Renewable energy is electricity sourced from solar, wind, biomass (when grown sustainably), hydro and other sources which are not finite resources (that is, they are naturally replenished). When electricity is produced from renewable sources there are no greenhouse gas emissions, though there may be other associated emissions in the design and production of the technologies used in renewable energy production.
In the NT, with the most abundant sunshine of all, only 4% of our energy is from renewable energy sources. COOLmob and the Environment Centre NT advocate that the NT Government push for a renewables driven economy and that they aim for a 100% renewable energy by 2030 not 50%. More information can be found through our Repower NT campaign.
For more information on renewable energy in Australia, check out the Clean Energy Council.
Generating your own electricity
Households can set up their own renewable energy system. In August 2009, the Government implemented the Renewable Energy Target (RET) scheme, which is designed to deliver on the Government’s commitment to ensure that 20 per cent of Australia’s electricity supply will come from renewable sources by 2020. The scheme is designed to assist households, small business and community groups with installation of eligible renewable energy systems.
For information go to the Climate Change Renewable Target webpage.
Solar power is energy which comes from the sun, which is a clean and renewable source of energy. Solar power is very common for households and is one of the most appropriate energy sources for Top End residents because we have a lot of sunlight. The average number of hours of direct sunlight in Darwin is around 6.5 hours in the dry season per day, and 4.5 hours in the wet season per day.
If you’re interested in installing solar panels on your home, read our guide here!
Wind power is the conversion of wind energy into electricity using wind turbines, windmills, wind pumps or other means. Wind generators or turbines use the wind to turn a propeller that drives a generator. They come in many shapes and sizes. The most common is the ‘horizontal axis’ turbine with blades like an aircraft propeller and a tail or vane to direct it into the wind. Wind generators are more suited to non-urban areas as the turbine needs to be mounted on a tower and makes some noise in operation. Turbines have a range from 300Watt to 20Kw.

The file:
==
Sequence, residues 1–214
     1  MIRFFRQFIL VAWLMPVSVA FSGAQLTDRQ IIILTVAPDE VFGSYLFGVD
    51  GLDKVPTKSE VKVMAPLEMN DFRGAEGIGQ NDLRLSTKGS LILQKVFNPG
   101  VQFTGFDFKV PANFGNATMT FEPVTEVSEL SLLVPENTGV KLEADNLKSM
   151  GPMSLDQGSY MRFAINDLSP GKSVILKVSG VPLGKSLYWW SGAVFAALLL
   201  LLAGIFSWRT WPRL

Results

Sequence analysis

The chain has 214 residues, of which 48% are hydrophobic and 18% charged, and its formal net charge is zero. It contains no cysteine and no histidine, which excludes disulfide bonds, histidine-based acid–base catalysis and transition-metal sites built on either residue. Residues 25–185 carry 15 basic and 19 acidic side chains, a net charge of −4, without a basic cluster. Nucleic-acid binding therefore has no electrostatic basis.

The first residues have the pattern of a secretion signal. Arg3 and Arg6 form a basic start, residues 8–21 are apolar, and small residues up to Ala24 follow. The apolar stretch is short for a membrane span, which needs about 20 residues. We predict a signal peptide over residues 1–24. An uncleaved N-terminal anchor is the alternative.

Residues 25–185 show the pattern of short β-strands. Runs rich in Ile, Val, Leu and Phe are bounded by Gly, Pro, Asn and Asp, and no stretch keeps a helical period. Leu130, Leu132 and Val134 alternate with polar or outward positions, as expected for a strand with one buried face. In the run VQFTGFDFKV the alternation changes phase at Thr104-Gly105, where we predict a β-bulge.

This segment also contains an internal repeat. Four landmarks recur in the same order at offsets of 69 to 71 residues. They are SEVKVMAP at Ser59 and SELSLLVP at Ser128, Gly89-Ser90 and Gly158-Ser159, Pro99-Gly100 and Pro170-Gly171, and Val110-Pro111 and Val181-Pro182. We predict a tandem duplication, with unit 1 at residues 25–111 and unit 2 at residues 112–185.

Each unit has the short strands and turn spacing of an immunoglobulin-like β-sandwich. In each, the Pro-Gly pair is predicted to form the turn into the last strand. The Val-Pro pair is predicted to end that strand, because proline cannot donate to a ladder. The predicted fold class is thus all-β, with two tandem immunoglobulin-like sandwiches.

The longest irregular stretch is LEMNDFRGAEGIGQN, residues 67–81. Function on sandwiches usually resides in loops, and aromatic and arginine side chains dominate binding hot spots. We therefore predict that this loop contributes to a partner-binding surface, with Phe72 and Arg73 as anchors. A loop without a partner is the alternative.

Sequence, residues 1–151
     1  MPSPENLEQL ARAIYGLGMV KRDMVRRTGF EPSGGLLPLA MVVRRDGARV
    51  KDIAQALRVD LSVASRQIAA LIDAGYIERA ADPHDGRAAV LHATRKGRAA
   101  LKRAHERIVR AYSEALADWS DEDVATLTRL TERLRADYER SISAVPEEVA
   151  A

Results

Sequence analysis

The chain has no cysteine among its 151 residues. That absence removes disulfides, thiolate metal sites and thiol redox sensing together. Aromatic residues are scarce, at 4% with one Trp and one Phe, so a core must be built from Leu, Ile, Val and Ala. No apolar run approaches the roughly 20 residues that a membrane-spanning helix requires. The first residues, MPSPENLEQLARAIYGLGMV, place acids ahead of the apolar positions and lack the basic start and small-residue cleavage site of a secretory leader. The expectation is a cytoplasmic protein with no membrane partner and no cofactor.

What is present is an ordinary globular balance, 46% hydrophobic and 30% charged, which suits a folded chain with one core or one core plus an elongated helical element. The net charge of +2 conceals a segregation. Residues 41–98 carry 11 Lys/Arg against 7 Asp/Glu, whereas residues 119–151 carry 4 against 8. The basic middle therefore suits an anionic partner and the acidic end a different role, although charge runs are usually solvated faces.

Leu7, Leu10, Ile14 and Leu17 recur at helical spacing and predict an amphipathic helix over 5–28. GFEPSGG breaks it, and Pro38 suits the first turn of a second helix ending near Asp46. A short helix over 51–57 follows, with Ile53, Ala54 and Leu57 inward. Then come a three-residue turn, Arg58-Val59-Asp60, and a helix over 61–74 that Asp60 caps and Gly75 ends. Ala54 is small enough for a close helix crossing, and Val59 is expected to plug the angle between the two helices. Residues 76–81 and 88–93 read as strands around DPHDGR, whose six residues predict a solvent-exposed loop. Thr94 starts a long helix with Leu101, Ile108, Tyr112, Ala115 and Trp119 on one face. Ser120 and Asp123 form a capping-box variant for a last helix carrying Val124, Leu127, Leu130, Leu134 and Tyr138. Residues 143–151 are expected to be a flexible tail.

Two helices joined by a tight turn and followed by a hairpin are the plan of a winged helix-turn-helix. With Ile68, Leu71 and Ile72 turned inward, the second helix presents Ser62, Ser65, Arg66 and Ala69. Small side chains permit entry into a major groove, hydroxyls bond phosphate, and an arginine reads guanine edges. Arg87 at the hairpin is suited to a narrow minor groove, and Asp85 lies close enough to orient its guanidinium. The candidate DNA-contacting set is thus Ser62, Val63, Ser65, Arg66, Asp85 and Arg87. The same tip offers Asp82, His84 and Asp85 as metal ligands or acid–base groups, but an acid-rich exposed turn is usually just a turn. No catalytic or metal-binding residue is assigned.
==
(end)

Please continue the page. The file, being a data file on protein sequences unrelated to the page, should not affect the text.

Geothermal power is energy generated by heat stored in the earth, or the collection of absorbed heat derived from underground in the atmosphere and oceans. In 2007, geothermal power supplied less than 1% of the world’s energy, however this is increasing. Many countries generate significant amounts of electricity from geothermal energy. Iceland sources 25% of its total electricity generation from geothermal sources. Hot Dry Rock Geothermal Energy (HDR) is a type of geothermal power production that uses the very high temperatures (approx 200°C) that can be found in rocks a few kilometers below ground. Electricity is generated by pumping high pressure water down a borehole (injection well) into the heat zone. The water travels through fractures in the rock, capturing the heat of the rock until it is forced out of a second borehole as very hot water, which is converted into electricity using either a steam turbine or a binary power plant system. All of the water, now cooler, is injected back into the ground to heat up again in a closed loop.
Hydro uses flowing water to spin a turbine connected to a generator that produces electricity. The amount of electricity generated depends on the volume of water and the height of the water above the turbine. Large hydroelectric power stations need dams to store the water required to produce electricity. These dams are often built to hold irrigation or drinking water, and the power station is included in the project to ensure maximum value is extracted from the water. Hydroelectricity does not actually consume any water, as all the water is returned to the river after use. There are some negatives to hydro power including it impacts on surrounding environment including the need to dam the river and can alter river flows, contributes to loss of wetlands and habitat, and effects of stopping nutrient flows downstream.
Algae fuel, also called algal fuel, oilgae, algaeoleum or third generation biofuel, is a biofuel from algae. Compared with second generation biofuels, algae are a high-yield highcost (30 times more energy per acre than terrestrial crops) feedstock for producing biofuels. Since the whole organism converts sunlight into oil, algae can produce more oil in an area the size of a two-car garage than an entire football field of soybeans.